On Wednesday I went to the afternoon of recollection for priests that we have twice a year in this diocese given by Fr Andrew Byrne of Opus Dei. He has been coming here for about ten years if I remember correctly. There was some raised expectation this time because for only the second time ever it had been mentioned in the Ad Clerum. The last time this happened, about eight years ago, we attracted ten priests. Unfortunately this time it omitted to say that Fr Byrne is from Opus Dei and only three of us turned up. Instead of meeting in a parish, as we usually do, we went to the convent of the Little Sisters of the Poor in Sunderland where we attracted three of the retired priests who live there too. The sisters were very welcoming despite having a golden jubilee of profession that day. However as we had about six non-retired priests last time it looks as if it is not now enough to rely on the Ad Clerum and I`ll have to go back to ringing up the priests who`ve expressed an interest to invite them for the next recollection in Lent.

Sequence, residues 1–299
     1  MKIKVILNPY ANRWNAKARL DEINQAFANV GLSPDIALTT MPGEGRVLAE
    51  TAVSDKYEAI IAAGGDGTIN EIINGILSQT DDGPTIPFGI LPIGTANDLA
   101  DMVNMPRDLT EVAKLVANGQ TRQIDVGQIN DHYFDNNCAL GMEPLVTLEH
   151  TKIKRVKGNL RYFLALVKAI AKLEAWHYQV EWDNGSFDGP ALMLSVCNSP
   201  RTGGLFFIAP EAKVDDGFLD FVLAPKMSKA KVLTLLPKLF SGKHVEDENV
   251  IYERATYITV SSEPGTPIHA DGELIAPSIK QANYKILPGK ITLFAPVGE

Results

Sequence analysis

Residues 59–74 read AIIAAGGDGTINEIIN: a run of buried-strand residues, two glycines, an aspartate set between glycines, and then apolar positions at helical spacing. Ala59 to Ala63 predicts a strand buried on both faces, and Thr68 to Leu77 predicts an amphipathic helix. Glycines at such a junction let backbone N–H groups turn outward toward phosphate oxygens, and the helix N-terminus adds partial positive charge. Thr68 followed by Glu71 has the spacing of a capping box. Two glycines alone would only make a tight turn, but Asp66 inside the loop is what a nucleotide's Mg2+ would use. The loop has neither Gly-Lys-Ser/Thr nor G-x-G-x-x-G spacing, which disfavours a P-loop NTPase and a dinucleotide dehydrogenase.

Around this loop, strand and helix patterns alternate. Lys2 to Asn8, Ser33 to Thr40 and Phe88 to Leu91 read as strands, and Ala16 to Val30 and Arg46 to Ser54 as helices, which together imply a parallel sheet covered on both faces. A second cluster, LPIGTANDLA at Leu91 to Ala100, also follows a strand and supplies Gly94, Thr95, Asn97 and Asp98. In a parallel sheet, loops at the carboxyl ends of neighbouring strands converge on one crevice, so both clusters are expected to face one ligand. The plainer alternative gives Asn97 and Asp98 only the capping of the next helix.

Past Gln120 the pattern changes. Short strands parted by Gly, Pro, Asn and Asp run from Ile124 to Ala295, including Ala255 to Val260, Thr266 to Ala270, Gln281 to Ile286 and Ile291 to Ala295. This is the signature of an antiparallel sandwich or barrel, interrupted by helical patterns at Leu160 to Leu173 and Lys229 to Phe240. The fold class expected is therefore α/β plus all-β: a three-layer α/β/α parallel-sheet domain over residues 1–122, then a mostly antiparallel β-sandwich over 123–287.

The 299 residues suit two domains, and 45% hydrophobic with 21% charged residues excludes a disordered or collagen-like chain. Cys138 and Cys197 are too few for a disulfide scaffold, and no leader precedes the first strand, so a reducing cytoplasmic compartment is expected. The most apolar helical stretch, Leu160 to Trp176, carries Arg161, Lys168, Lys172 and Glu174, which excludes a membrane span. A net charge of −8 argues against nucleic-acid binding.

By a coincidence at the parish reading group this week there had been talk of Opus Dei. We met to discuss the book `The Path to Rome` which is a collection of accounts of recent conversions. We had two new people at the meeting and one seemed to regard Opus Dei with suspicion. As Fr Byrne had given a talk to the parish in the Lent talk series with the title `What is Opus Dei` which many of the reading group had attended, our new member was immediately told how impressed they were by Fr Byrne and his talk about Opus Dei. With all the interest in the Da Vinci Code the Opus Dei topic had been the most popular of the lenten talks. I was hoping to have a series of talks in the autumn too but fear that it is too late now and we may have to wait until Lent next year.